This beautiful Hudson River School painting by Rondout resident Jervis McEntee illustrates the mouth of Rondout Creek c. 1840 (note the tiny Rondout Lighthouse at the entrance to the creek - it was built in 1838). You'll note that the wide vista entrance to the creek is much different than it is today. Sloops and schooners were able to approach at a wider angle, allowing them to sail right up the creek.
In this detail, you can better see the entrance to the creek and the lighthouse. The tall, full sails of a sloop propel it out toward the Hudson, where a steamboat and other sailing vessels go by. The two story Rondout Lighthouse looks tiny in comparison.
Here is another view of the Rondout Lighthouse in 1845. The perspective is not quite the same, although you'll note the ferry landing at right and the inscription "Delaware & Hudson Canal" near the lighthouse.
The lighthouse was replaced in 1867 and the site moved slightly to the south. But as steamboat towing traffic increased, and the use of sloops and schooners decreased (but did not disappear) in the latter half of the 19th century, the mouth of the Rondout Creek needed "improvement." Deeper drafted vessels like larger passenger steamboats and the new screw-propelled tugboats needed a deeper river channel. Although Rondout Creek is a natural deep water port, the combination of tidal action and silt from spring floods had left the mouth of the creek shallower than desired.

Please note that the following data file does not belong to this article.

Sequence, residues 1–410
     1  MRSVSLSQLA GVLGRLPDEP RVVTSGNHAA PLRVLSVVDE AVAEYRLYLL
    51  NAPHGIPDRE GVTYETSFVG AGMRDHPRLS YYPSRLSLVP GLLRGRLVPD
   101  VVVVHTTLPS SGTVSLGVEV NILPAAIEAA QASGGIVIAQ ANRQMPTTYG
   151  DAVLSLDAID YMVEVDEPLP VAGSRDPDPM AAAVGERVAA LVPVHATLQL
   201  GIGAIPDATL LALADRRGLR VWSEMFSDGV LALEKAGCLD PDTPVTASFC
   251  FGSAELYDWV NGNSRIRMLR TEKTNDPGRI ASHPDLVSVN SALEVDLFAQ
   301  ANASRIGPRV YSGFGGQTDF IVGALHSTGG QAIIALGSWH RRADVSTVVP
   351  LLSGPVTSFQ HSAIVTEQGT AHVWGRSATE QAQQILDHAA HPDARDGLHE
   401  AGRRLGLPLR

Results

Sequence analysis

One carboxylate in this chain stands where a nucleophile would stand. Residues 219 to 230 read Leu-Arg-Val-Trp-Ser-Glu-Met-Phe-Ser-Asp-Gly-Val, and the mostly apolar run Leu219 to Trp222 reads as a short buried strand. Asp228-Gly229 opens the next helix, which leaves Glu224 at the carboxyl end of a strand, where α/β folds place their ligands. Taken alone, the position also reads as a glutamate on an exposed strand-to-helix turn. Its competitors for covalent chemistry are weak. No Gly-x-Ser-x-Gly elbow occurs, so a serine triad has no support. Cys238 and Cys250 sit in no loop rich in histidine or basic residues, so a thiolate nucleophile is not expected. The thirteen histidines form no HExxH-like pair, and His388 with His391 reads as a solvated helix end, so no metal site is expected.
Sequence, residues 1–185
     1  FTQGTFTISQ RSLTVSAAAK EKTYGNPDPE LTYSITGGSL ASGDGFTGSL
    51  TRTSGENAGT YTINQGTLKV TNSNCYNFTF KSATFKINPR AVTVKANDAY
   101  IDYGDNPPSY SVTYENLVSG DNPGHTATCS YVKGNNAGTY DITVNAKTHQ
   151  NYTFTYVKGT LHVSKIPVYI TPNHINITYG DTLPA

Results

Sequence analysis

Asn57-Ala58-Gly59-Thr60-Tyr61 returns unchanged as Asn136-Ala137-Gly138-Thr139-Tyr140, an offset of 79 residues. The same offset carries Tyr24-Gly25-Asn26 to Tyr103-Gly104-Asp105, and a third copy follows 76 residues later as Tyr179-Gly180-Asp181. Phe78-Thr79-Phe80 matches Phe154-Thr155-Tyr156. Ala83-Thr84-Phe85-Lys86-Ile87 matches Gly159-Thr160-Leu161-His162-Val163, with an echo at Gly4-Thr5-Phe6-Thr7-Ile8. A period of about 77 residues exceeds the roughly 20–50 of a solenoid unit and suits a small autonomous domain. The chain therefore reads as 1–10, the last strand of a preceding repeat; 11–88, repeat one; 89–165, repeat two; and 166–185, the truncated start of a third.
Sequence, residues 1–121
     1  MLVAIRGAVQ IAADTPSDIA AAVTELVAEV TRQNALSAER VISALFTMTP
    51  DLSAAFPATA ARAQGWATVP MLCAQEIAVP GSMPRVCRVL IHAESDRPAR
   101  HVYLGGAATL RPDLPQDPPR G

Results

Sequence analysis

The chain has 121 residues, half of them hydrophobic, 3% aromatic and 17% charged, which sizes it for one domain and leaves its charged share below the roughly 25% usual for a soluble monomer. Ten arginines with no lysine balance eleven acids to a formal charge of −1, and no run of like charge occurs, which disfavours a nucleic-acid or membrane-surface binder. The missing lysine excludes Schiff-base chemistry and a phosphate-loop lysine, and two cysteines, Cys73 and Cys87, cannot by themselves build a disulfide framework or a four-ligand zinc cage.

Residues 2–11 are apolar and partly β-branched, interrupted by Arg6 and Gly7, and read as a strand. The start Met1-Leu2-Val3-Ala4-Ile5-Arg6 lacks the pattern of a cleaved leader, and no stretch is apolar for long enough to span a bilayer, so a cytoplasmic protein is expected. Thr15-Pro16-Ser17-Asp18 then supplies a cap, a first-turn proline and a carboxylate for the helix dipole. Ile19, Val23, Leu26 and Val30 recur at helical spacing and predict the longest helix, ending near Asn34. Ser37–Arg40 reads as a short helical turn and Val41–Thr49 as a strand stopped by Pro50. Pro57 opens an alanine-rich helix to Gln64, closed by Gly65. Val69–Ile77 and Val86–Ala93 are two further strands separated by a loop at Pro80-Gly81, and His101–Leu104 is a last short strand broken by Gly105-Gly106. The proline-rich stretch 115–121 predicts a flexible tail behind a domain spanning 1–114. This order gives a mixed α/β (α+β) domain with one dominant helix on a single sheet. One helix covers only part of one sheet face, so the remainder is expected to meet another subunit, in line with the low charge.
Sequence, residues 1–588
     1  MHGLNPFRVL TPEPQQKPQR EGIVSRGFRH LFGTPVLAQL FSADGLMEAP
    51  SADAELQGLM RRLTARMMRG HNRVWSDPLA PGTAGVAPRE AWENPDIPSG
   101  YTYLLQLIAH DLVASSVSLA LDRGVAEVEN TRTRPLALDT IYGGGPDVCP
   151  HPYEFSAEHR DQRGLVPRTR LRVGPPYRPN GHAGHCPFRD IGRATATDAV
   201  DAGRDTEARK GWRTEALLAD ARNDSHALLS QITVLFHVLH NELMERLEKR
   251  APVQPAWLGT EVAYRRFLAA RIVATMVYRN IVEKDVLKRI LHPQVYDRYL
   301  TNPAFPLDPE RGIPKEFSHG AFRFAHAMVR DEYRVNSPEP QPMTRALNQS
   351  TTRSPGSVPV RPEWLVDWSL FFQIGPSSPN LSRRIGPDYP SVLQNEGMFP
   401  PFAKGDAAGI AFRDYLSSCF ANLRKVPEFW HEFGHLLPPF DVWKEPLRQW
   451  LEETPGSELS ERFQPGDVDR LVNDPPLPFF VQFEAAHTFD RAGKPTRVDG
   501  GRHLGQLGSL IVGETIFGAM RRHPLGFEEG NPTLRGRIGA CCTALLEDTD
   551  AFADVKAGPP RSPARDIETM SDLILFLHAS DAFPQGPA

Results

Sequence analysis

In 1877, the Army Corps of Engineers began a dredging and improvement project that included the construction of breakwater sea walls far out into the Hudson.
Where previously, shallower-drafted vessels could take a wide approach into the creek, they now were blocked by the installation of the breakwaters. Completed in 1880, with the dredge spoils dumped behind the walls, the "shallows" were now much shallower, and impassable by all but the smallest of vessels. The narrow approach made it much more difficult for sailing vessels to get in and out of the creek, and even some steamboat captains had trouble.
In addition, the 1867 lighthouse - marked on the map above - was now well behind the entrance to the creek. Red stake lights were installed at each side of the mouth and on the north curve of the breakwater walls, but boatmen complained the lighting was inadequate. In 1915 the old lighthouse was replaced with a new one, right on the north point of the breakwater walls.
As Solaris and Apollonia leave Rondout on the North Hudson Voyage, we will pass along those breakwater walls, still in place and still maintained by the Army Corps of Engineers.
Fair winds and bright sun - the adventure begins!
This Captains' Log is kept by the captains and crew of Solaris and Apollonia and staff of the Hudson River Maritime Museum.